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International Metadata Standards and Enterprise Data Quality Metadata Systems
Well-documented data quality is critical in situations where scientists and decision-makers need to combine multiple datasets from different disciplines and instrumentation to address scientific questions or difficult decisions. Standardized data quality metadata could be very helpful in these situations. Many efforts at developing data quality standards falter because of the diversity of approaches to measuring and reporting data quality. The “one size fits all” paradigm does not generally work well in this situation.
The ISO data quality standard (ISO 19157) was recently endorsed by the U.S. Federal Geographic Data Committee. Rather than seeking to align different quality measurement systems (a daunting task), the standard focuses on systematically describing how data quality is measured. ISO 19157 also introduces the idea of standard data quality measures that can be well documented in a shared repository and used for consistently describing how data quality is measured across an enterprise. The standard includes recommendations for properties of these measures that include unique identifiers, references, illustrations and examples. Metadata records can reference these measures using the unique identifier and reuse them along with details (and references) that describe how the measure was applied to a particular dataset.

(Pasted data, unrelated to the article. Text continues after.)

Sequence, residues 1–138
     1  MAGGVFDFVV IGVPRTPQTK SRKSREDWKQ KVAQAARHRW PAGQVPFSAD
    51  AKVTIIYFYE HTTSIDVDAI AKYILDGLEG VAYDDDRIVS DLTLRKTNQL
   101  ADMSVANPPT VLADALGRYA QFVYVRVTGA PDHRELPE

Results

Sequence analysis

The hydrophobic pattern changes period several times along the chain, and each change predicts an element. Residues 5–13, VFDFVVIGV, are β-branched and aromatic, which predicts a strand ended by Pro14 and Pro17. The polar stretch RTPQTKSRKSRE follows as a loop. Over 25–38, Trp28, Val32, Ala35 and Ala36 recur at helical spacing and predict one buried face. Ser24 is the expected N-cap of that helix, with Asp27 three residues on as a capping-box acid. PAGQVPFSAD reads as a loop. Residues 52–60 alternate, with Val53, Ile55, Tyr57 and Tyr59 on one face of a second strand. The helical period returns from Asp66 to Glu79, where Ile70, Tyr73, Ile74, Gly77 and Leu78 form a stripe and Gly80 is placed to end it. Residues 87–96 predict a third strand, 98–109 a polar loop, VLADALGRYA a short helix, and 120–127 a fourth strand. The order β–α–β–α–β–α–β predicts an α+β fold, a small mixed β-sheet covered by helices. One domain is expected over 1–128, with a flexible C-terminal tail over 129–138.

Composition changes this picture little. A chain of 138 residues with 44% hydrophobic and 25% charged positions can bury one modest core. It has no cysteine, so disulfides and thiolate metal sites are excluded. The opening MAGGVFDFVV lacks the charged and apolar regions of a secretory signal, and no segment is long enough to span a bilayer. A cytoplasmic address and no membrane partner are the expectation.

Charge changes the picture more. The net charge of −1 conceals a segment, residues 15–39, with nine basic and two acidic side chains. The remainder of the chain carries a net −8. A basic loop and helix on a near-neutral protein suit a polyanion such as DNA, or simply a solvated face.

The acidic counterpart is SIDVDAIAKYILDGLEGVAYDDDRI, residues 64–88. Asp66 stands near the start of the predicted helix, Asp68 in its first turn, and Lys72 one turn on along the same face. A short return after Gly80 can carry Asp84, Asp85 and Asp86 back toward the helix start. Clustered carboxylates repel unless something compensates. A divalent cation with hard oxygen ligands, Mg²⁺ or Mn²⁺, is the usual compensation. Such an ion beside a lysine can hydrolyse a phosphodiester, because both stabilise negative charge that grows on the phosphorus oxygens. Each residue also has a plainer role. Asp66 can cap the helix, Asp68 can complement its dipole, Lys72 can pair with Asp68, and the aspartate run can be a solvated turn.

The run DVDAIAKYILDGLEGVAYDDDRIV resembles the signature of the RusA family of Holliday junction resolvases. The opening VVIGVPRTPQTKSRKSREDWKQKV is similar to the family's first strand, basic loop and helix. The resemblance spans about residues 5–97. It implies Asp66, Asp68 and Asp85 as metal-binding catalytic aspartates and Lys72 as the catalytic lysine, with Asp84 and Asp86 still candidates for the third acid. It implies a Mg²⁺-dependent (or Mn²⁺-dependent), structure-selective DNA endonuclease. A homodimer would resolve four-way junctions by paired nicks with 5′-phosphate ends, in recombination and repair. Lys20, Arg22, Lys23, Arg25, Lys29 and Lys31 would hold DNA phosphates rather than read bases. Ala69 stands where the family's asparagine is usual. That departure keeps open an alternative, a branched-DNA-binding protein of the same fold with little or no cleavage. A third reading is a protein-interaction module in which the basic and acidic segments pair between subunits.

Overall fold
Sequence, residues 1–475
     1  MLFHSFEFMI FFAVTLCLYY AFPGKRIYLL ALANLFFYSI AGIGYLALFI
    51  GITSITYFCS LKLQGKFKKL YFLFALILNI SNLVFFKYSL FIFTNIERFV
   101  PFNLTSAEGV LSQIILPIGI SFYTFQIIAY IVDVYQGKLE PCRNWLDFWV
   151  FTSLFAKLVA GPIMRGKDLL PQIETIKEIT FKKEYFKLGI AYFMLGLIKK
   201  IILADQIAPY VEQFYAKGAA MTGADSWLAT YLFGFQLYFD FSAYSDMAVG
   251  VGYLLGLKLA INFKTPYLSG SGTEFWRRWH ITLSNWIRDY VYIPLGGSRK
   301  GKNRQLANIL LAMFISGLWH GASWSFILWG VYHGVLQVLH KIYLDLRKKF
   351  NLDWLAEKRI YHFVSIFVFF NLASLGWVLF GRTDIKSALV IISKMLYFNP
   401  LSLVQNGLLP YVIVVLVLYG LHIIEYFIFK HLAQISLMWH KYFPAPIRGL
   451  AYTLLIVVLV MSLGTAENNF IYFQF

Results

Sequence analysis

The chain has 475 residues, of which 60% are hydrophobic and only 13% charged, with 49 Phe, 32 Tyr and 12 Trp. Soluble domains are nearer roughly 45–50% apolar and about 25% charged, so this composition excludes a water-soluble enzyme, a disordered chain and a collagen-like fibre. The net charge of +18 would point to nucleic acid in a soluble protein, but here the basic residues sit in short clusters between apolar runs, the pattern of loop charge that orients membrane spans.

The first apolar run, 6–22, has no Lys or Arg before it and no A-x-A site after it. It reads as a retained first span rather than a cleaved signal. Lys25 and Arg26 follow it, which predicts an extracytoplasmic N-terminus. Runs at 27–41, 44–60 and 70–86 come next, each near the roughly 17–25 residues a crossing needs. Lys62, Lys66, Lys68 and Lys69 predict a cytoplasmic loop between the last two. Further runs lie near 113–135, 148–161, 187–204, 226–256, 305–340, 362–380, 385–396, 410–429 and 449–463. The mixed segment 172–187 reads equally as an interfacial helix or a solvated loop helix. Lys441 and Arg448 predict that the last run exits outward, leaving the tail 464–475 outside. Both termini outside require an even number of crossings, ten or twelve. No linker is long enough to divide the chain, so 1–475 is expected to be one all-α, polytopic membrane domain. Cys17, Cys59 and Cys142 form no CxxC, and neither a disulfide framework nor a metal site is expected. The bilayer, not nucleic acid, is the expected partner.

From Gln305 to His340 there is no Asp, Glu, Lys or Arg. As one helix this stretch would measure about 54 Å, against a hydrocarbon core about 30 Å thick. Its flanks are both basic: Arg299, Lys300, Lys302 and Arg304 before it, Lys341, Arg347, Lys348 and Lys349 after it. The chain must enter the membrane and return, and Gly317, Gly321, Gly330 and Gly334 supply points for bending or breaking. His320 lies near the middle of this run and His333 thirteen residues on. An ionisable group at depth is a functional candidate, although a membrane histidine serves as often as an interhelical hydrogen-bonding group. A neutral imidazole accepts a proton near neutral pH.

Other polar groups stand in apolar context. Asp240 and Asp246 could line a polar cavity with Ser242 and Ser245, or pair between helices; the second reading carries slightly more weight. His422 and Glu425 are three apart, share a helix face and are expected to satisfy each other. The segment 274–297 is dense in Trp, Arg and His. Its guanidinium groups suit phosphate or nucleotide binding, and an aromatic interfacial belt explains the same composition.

A second important new feature of ISO 19157 is the inclusion of citations to existing papers or reports that describe quality of a dataset. This capability allows users to find this information in a single location, i.e. the dataset metadata, rather than searching the web or other catalogs. This presentation will describe these and other capabilities of ISO 19157 with examples of how they can be used to describe data quality and also compare these approaches with other standards.
Dr Ted Habermann worked for years leading a variety of data management and access projects at NOAA’s National Geophysical Data Center. He is now the Director of Earth Science at The HDF Group. Ted is a well-known advocate for integrated data and metadata standards and leads several ISO development efforts. He works with NASA’s Earth Science Data and Information Systems Project and many others on technical and organizational adoption of data and metadata standards. Ted has been active in ESIP for many years and currently co-leads the Documentation Cluster.